‘Hooks' and ‘Anchors’ for ecosystem-based management in the marine environment
This is a summary of a comparative study of EBM in the laws and policies of Chile, Australia and Aotearoa New Zealand, published June 2021.
This is a summary of a comparative study of EBM in the laws and policies of other countries - the first end-user research output from the Policy and legislation for EBM project. It is intended for legal practitioners, policy-makers, industry, Māori organisations and iwi, hapū or whānau.
Our research of attempts to implement EBM in laws and policies of Chile, Australia and Aotearoa New Zealand uncovered 4 lessons:
- Fragmentation is inevitable
- Regulators must ‘walk the talk’
- Indigenous rights are unfinished business
- EBM requires more than spatial planning
We found that there is no blueprint for EBM in one law, policy or institution.
EBM can instead be understood as an ongoing and relational, human-driven process of iteration, adaptation, reflection and adjustment. EBM is both a process and an outcome – with the ability to regenerate and transform, as information, relationships and knowledge build. This thinking applies and supports the 7 principles for EBM in Aotearoa New Zealand.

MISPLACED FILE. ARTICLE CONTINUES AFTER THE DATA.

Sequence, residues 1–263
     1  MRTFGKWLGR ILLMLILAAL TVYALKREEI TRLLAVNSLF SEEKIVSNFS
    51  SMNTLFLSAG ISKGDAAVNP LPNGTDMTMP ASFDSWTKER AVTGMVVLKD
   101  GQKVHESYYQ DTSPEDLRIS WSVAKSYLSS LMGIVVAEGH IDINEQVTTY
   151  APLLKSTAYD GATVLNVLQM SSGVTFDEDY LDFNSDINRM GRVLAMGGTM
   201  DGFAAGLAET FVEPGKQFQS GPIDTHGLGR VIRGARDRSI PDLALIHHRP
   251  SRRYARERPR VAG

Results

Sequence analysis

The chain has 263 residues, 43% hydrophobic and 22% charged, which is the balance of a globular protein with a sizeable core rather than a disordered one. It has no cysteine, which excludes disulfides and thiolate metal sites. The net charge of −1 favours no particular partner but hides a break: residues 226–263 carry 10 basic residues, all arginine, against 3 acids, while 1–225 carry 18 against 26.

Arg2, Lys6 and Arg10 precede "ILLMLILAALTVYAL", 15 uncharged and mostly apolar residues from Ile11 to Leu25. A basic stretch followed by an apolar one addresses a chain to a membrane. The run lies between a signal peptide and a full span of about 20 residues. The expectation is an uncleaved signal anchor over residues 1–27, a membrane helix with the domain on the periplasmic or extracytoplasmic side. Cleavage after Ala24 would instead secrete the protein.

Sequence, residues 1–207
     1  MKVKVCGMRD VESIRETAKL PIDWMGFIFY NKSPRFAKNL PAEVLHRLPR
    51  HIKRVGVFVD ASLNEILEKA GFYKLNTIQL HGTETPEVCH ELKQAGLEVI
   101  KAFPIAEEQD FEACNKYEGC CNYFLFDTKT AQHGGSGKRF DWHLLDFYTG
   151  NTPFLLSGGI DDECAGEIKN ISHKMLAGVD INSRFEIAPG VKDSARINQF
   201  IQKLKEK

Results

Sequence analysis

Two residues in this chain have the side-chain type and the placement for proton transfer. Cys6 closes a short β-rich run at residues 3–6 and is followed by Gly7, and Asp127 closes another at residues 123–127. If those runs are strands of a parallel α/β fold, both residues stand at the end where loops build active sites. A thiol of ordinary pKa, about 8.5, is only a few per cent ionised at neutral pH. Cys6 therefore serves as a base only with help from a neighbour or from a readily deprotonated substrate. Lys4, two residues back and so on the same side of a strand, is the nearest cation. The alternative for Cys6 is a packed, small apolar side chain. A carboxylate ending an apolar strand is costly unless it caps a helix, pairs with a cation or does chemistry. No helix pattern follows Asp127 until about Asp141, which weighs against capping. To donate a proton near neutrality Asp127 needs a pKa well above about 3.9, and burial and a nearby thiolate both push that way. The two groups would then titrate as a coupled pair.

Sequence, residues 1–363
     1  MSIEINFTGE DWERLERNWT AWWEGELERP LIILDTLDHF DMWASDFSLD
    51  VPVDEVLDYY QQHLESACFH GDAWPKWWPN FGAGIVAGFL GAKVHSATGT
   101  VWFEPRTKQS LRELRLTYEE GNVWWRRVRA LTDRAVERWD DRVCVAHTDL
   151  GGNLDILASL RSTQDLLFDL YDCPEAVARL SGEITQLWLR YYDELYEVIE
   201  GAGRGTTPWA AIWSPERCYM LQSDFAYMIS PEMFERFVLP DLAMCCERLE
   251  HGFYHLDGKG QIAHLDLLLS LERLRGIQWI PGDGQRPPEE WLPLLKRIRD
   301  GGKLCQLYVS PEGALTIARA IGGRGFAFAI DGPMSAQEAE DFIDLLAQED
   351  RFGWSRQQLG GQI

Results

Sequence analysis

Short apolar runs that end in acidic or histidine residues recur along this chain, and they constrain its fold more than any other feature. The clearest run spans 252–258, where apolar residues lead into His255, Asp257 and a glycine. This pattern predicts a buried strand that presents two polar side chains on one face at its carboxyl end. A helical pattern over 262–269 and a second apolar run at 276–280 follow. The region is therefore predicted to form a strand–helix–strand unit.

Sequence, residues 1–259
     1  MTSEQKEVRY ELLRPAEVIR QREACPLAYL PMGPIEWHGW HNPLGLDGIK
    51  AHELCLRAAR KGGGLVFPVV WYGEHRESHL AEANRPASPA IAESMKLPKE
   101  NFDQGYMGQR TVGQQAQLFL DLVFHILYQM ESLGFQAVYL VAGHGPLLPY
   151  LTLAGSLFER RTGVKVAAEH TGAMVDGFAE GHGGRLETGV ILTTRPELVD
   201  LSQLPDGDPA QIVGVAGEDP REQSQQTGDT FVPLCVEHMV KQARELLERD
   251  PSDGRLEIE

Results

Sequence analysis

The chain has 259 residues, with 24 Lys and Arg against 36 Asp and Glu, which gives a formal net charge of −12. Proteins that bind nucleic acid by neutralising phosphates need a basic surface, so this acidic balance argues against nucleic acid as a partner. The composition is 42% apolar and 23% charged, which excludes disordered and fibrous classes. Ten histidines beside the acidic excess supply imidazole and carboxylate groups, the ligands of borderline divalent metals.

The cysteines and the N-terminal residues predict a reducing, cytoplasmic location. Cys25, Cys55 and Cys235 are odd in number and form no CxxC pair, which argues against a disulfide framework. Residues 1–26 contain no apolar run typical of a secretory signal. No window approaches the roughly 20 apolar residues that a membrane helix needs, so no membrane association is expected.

Our findings suggest that policymakers should focus on enabling the relational processes of EBM – through institutions and processes that subscribe to a common vision and allow for change over time.
A relational approach to EBM could be enabled by a combination of detailed rule and institution-making (hooks) and high-level norm-setting (anchors).